Because we are all taught that white people are more deserving than people of color, that belief determines how our entire society operates. Who gets to live in safer housing with cleaner water and healthier food options? Who gets the loan to start their business or buy a house? After birth, which moms’ fears are listened to instead of ignored? Who goes to jail longer for the same offense and sometimes no offense at all? During a global pandemic, who is more likely to work safely from home versus risk their lives to service others?
All of these situations operate on the principle that white people deserve a better quality of life simply because they are white. It does not matter what disadvantages they may have. When it comes to who is deserving and who is not based on race, white people always come out on top. That’s where white privilege comes from.
THE CURRENT CONFLICT
Here are comments about the protests against CRT, laws against CRT, generalized fear of "anti-American" indoctrination, and denial that racism exists.
Late addition: Paul Thomas posted this on Independence Day: Republicans Adopt China’s Approach to Indoctrinating Students
While many conservatives and Republicans have tried to frame China as some sort of threat to the American way of life — notably related to the spread of Covid — the truth is that the Republican Party is practicing China’s indoctrination strategies across the country.
If you don’t want critical race theory to exist, stop being racist
Critical race theory didn’t make Black people critical of white supremacy, racism did. Our ability to create theories and write books — on critical theory or any subject — is a reflection of our rising power in this country. Critical race theorists reflect the analytic reasoning of the enslaved, those subjected to housing and employment discrimination, and basically any person who can see how inequitably privileges and burdens are distributed in the country.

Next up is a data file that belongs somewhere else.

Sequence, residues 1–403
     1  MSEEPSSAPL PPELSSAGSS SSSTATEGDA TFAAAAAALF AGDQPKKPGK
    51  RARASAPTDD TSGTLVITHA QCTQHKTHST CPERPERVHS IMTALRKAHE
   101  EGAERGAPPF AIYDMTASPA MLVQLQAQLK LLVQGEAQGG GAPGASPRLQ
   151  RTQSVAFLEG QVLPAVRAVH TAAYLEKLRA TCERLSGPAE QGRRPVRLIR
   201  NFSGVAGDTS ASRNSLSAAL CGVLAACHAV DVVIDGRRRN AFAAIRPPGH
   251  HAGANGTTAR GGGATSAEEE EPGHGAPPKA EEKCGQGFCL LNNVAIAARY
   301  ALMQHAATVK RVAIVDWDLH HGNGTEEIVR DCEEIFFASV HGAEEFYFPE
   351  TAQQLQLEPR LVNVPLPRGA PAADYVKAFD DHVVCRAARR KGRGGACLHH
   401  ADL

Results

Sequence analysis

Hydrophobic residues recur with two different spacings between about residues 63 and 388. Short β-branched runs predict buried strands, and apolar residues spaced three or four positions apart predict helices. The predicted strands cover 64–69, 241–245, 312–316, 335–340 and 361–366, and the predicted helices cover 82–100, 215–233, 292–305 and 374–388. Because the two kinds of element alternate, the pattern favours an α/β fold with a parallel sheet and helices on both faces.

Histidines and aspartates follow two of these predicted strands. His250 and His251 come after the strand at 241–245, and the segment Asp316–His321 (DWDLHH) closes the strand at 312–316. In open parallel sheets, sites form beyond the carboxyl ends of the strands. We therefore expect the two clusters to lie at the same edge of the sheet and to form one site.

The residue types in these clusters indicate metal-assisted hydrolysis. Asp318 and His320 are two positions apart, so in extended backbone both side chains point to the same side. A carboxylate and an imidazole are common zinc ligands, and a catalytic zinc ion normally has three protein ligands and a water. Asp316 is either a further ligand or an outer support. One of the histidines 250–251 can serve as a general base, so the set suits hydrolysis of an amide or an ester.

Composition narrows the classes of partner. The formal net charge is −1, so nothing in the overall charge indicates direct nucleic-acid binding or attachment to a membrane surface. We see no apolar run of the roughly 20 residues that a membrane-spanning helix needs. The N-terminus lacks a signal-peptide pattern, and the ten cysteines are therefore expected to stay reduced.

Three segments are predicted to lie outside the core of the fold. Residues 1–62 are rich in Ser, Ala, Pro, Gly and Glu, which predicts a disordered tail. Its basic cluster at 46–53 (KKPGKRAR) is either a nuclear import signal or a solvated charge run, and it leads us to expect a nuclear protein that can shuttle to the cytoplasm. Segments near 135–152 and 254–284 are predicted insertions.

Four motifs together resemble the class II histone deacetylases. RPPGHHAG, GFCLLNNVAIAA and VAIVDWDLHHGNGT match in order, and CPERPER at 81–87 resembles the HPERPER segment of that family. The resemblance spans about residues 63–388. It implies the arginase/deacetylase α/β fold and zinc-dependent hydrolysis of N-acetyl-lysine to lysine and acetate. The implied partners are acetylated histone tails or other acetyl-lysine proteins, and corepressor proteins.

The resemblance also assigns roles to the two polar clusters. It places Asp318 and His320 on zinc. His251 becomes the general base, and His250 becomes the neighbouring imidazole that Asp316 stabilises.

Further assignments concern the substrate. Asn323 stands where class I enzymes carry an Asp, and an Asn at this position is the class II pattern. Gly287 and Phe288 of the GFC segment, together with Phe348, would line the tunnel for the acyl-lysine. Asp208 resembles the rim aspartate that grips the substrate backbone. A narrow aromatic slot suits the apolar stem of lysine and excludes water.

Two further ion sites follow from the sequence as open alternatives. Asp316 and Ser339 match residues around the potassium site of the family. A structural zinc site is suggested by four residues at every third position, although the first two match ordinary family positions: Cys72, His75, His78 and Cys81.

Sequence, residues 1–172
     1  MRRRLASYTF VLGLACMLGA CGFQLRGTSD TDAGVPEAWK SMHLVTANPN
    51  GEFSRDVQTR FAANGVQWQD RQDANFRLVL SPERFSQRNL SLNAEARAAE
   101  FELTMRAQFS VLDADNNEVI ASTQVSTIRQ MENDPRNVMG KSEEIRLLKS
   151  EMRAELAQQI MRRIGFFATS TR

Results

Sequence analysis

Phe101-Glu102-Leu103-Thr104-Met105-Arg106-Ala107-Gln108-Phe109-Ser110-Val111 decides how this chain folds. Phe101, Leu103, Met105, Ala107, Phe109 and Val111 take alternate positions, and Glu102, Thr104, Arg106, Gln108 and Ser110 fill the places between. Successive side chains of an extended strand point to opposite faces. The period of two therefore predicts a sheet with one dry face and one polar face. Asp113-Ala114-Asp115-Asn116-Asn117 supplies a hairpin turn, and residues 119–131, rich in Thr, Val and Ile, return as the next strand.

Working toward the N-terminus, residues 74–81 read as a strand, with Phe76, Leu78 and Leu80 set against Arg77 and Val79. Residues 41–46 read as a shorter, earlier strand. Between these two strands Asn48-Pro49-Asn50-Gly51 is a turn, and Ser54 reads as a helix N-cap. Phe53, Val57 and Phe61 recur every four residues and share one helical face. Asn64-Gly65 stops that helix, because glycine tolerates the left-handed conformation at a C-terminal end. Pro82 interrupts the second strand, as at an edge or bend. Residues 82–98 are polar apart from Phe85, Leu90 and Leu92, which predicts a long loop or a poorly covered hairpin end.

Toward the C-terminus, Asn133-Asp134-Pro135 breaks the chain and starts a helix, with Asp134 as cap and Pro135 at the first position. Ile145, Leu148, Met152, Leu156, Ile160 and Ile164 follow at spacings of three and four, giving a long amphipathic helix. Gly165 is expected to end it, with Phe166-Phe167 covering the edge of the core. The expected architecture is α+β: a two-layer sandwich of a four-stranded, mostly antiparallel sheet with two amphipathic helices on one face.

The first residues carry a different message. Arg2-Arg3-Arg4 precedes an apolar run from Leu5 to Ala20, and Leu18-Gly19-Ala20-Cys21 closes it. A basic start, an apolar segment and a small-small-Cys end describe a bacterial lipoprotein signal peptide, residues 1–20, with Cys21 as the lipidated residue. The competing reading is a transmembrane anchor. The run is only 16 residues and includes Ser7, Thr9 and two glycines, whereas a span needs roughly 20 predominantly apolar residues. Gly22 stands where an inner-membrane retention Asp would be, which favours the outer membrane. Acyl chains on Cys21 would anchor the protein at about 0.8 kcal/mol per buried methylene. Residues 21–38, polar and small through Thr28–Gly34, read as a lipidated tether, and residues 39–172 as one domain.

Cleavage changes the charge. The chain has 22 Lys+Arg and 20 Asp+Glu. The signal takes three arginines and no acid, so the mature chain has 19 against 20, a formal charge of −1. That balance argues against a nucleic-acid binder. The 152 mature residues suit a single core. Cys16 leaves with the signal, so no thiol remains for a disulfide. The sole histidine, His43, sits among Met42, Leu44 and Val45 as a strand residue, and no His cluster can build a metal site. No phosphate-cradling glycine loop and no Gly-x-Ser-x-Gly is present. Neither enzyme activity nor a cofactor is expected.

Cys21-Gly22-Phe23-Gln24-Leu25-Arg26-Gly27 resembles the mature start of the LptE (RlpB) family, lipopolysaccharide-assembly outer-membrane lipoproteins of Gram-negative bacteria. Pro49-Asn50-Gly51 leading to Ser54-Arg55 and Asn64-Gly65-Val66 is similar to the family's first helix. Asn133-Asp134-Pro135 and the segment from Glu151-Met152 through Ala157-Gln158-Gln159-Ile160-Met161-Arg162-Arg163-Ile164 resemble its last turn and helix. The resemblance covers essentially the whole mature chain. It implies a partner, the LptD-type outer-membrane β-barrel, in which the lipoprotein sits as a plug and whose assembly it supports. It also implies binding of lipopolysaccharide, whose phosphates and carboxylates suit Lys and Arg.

Health policy researcher Ahmed Ali recently tweeted, “If Black children are old enough to experience racism, then other children are old enough to learn about critical race theory.” As long as there is racism, there will be Black people finding ways to understand and dismantle it.
So if you don’t want critical race theory to exist, stop being racist.
Partisan war over teaching history and racism stokes tensions in U.S. schools
Loudoun has been roiled for months by accusations that it has embraced critical race theory, a school of thought that maintains that racism is ingrained in U.S. law and institutions and that legacies of slavery and segregation have created an uneven playing field for Black Americans.
The school system says it is simply training teachers, the majority of whom are white, to be “culturally responsive" to serve the county's increasingly diverse student population.
The tensions in Loudoun echo a larger battle playing out across the country. As Americans tackle racial and social injustice in the wake of the police killing of George Floyd last year, several Republican-led states including Florida, Georgia and Texas have enacted new rules to limit teaching about the role of racism in the United States.
Here's the truth behind the right-wing attacks on critical race theory
"...none of this is really about CRT," James Ford told me in a phone call. Ford is a former North Carolina Teacher of the Year who currently represents the Southwest Education Region on the North Carolina State Board of Education and serves as the executive director of the Center for Racial Equity in Education.